Protection from fleas, ticks, heartworms, and intestinal worms is an essential part of your pet’s lifelong preventative care. These pests will always be around, and therefore be a constant threat. Fortunately, they can be kept at bay with the help of quality parasite preventatives, which we carry at our hospital. We offer treatments designed specifically for dogs and cats, with doses based on weight. In addition to preventatives, World of Animals Veterinary Hospital also strongly recommends annual parasite screens to check for signs of heartworms and intestinal worms. If needed, we can also administer parasite treatment for an existing infestation in your pet.
Common Heartworm FAQs
Heartworm disease is a disease in which heartworms mature and proliferate in the blood vessels around the heart and lungs. This condition can be life-threatening if it is left untreated. In extreme cases, a dog can have as many as 250 heartworms living in their body. The presence of heartworms can result in heart failure, lung disease, and other organ diseases.
Heartworms are nematodes transmitted to their hosts by mosquitoes. To clarify, not all mosquitoes are carriers of heartworm larvae, but they are the primary vector for heartworm disease spread among dogs and cats. When a mosquito ingests heartworm larvae from a host, they then pass the larvae to the next host when they take a blood meal. The larvae travel through the animal’s blood stream and mature in stages, eventually migrating to the blood vessels of the heart and lungs, where they grow into adult heartworms.
In the early stages of infection, dogs and cats may not show any outward sign of illness. But if the heartworms persist, symptoms will eventually become apparent, and they include:
- Mild cough
- Reluctance to exercise
- Fatigue after moderate activity
- Loss of appetite
- Weight loss
Heartworm disease in cats is not as common as in dogs, but infection is possible. Unfortunately, if heartworms are able to mature in a cat, the cat will likely not survive. Also, there are no available heartworm treatments for cats.
Signs that may occur in a cat with heartworm disease include:
- Loss of appetite
- Weight loss
- Asthma attacks
The best line of defense against heartworm disease is heartworm preventative. Both dogs and cats should receive this treatment throughout the year for maximum protection. You can also try to limit your pet’s contact with mosquitoes, but this is not easy given the small size and elusive nature of mosquitoes.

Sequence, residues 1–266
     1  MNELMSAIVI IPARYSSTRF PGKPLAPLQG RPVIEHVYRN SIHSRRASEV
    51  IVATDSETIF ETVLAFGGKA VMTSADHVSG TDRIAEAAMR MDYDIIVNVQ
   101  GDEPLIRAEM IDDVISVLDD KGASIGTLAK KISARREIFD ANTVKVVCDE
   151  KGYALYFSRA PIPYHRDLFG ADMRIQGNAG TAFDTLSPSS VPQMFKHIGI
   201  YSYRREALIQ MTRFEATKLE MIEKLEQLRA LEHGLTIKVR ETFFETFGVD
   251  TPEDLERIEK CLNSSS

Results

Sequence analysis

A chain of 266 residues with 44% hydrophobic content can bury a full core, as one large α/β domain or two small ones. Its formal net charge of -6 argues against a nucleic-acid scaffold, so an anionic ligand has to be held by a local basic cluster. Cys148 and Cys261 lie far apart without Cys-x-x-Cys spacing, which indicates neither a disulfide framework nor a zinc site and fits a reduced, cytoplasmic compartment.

Common Parasite FAQs
Intestinal parasites affect both dogs and cats, and typically include roundworms, hookworms, whipworms, tapeworms, and giardia. As you can expect, these pests take up residence in the intestines of animals, and may cause conditions such as vomiting, diarrhea, loss of appetite, and poor coat quality in those infected.
Many puppies and kittens arrive at their first vet visit with worms in their systems. Some worms can be transmitted to puppies and kittens through nursing from their infected mothers. They can also be acquired via fecal-oral transmission, which is common among puppies and dogs that live in close proximity to one another.
It’s important to protect your pet from intestinal parasites, as they can make your pet very sick, and pass on their infestation to another dog or cat. We offer a variety of worm preventatives at our hospital, and we can also provide deworming treatment to your pet should they ever need it.
Fleas and ticks are notorious pests that make our skin crawl. Fleas can be a major pain to get rid of if your pet, and by extension your home, acquires an infestation. Ticks are a little less overwhelming for most pet owners to deal with, but they are no less loathsome.
Both of these pests are often carried into the home from outside, especially when pets and people spend time out in wooded areas with lots of brush and grass. But your pet (or you) can also pick up fleas and/or ticks by coming into contact with another pet. Because these parasites are so prevalent and sneaky, keeping your pet protected from infestations is paramount.
Signs your pet has fleas or ticks include:
- Scratching (indicates itching)
- Hair loss
- Skin infections
- Anemia (occurs in more serious cases)
Fleas and ticks are also capable of passing on other parasites or diseases to animals and people, including tapeworms (transmitted by fleas), Lyme disease (transmitted by deer ticks), Ehrlichiosis, and more.
Monthly flea and tick preventative is the single best way to keep your pet (and your house) pest-free. In fact, we recommend year-round protection against fleas and ticks, even during the winter months. This ensures consistent coverage for your pet, and maintains their protection going into the spring and summer seasons.